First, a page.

Near-field structure-borne sound holography [article]

Dietmar Greussing, Michael Möser, Technische Universität Berlin, Technische Universität Berlin
2014
This thesis investigates the extrapolation of bending wave fields in homogenous plates. Using a number of structural response measurements, the continuous spatial field and the spectra of the response are reconstructed without knowledge of the mechanical boundaries or the excitation forces. It is clarified whether the deliberate inclusion of the structural near-fields close to sources and boundaries can be beneficial in the process. Two methods are therefore presented. The first one represents
more » ... rst one represents an application of Fourier transform-based Near-Field Acoustic Holography in a structure-borne sound setting. The use of a polar coordinate system allows analytical propagation functions to be convolved and deconvolved with boundary values measured in the structural near-field of the plate. Because this constitutes an inverse problem, numerical stabilization in the form of wavenumber filtering and regularization is applied. The second method utilizes the Kirchhoff-Helmholtz integral and requires far-field conditions at the measurement positions. It constitutes the solution of a direct problem in comparison and is not restricted to a specific coordinate system for measurement. The methods are evaluated through a series of simulations and experiments, considering three distinct cases: the infinite plate, the fully free and the simply supported plate, excited by normal point forces, respectively. In terms of the usually neglected influence of the near-field, the latter two can be seen as worst and best case scenarios for the wide range of possible boundary conditions in engineering practice. It is found that the average reconstruction error to be expected from holography ranges from 1 dB to 3 dB, depending on the boundary condition. The method is not very well suited to analyze very narrow frequencies in a spectrum, and the extrapolatable plate area is inherently limited. The Kirchhoff-Helmholtz integral-based method leads to an average reconstruction error between 2 dB and 3 dB. As with the holographic method, the observed de [...]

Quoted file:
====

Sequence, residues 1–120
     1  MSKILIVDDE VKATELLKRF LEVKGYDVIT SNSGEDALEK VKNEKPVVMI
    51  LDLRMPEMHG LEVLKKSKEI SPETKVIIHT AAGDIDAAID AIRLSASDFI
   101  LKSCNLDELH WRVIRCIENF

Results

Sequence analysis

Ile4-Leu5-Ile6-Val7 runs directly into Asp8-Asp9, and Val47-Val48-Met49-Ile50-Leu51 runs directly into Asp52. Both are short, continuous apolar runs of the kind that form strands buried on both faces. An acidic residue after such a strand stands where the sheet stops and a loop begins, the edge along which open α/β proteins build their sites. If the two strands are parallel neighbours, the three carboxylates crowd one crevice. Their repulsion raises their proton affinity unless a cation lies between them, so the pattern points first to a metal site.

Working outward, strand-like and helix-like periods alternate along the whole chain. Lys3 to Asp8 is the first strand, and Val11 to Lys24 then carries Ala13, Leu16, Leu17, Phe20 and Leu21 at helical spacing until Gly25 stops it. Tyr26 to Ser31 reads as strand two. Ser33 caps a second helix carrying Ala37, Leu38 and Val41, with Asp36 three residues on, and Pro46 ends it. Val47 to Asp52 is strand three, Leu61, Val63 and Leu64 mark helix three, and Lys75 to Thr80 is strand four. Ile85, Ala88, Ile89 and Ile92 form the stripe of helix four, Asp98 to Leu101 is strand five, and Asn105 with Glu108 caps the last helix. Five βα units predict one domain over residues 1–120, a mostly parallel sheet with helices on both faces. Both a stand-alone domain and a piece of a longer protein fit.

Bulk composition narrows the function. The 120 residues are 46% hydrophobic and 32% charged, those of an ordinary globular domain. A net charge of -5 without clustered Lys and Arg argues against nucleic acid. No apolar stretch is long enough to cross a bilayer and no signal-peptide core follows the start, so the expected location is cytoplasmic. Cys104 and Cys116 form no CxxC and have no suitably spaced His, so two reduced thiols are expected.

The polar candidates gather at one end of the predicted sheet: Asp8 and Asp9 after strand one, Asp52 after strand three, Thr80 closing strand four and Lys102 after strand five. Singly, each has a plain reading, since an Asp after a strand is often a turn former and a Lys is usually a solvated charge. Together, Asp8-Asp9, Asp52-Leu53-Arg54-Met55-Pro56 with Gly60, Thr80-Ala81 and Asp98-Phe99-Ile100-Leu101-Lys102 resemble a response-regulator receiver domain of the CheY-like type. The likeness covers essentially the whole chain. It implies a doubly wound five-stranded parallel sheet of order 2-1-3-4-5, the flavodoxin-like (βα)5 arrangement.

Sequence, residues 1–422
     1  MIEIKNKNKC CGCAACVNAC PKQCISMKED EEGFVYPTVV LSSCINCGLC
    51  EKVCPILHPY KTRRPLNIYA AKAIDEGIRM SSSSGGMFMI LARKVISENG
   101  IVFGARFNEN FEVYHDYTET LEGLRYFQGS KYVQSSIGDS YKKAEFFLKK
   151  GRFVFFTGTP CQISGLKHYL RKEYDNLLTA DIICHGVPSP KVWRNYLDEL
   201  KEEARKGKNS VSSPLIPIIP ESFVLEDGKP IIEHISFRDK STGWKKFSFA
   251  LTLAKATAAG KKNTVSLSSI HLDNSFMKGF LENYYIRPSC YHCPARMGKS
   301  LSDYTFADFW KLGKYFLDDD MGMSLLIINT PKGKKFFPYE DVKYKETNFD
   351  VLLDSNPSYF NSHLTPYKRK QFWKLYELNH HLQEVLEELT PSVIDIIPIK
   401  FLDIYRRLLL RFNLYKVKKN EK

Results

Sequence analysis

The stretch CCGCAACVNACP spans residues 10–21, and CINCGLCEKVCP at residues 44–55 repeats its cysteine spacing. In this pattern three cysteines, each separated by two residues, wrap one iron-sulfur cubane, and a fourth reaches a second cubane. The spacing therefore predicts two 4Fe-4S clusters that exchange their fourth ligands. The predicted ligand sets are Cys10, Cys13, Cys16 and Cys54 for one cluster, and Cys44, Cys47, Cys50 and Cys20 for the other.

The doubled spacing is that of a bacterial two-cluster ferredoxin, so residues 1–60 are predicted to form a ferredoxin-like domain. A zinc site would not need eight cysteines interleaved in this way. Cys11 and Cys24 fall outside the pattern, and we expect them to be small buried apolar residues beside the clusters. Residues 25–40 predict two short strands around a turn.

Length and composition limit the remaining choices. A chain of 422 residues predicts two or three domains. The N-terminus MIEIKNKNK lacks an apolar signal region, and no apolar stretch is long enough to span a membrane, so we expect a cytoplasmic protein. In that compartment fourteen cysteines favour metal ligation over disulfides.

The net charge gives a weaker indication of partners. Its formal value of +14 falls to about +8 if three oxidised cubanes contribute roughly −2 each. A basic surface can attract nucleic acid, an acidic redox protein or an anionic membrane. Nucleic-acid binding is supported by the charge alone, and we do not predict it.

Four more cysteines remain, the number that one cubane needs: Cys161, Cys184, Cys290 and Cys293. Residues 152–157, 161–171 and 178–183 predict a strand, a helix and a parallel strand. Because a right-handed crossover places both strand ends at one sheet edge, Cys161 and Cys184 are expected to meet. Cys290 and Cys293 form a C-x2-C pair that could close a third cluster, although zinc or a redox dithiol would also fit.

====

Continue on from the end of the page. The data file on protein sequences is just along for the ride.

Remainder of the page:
doi:10.14279/depositonce-4215 fatcat:bnfojug2vffnlm3lqavorg4m5a